Aside from that one malfunction, the only other issue I had was the slide not locking back a few times after the last round.


I have no issue admitting that I’m not the best shot in the world.

However, I was barely even a good shot with this gun out past 10 yards. I was consistently shooting low and to the left, which I read online that others had a similar issue and wound up having to adjust my aim much more than normal.

I’m not sure if I can blame it on the sights necessarily or just simple shooter error.

Beretta APX A1 Carry Review at shooting range with groupings
This gun would definitely not be one I would win any contests with.

Overall Feel

Even though this is a single-stack magazine, the grip itself has a decent girth to it.

The grip texture is aggressive enough to help maintain a firm hold on the gun, while the magazine base pad extensions help to fit all your fingers on it.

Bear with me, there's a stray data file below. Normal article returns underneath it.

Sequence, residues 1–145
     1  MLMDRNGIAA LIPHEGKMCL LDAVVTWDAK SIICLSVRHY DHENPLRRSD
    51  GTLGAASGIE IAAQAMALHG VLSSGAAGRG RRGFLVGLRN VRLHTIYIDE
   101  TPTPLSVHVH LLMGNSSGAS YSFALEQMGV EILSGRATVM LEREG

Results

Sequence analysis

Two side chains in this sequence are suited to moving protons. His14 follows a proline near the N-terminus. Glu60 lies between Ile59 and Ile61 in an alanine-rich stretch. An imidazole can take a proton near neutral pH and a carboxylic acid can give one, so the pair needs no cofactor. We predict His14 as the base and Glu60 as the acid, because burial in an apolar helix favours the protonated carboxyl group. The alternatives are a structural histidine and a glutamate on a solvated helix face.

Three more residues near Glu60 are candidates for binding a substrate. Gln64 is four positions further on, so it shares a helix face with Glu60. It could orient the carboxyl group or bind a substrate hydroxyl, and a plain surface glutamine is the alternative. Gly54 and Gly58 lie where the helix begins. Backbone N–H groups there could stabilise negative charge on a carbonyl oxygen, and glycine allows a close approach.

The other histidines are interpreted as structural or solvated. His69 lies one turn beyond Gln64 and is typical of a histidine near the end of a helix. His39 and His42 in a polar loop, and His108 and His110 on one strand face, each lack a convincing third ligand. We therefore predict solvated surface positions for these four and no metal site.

Without the extensions, I would probably be screwed, though, with my pinky hanging off.



While I’ve never shot the standard APX Carry, I have read that the trigger on this A1 version is a decent improvement over it.

I still wasn’t overly impressed with the trigger, though. The pull seemed longer than you’d expect, and the pull weight seemed a bit heavy for the gun.

It did have a nice break and quick reset, though, which made for easy follow-up shots.

Beretta APX A1 Carry trigger grip
Despite the small trigger of the gun, I found the trigger guard to be a decent size.


The controls leave some to be desired. The mag release is at least reversible, but you won’t find any ambidextrous controls here.

I also had difficulty manipulating the slide stop at first, but it did seem to loosen up after a few swipes.

A nice aspect of the controls is the ability to disassemble the gun without having to pull the trigger, thanks to the deactivator, which is always an appreciated feature.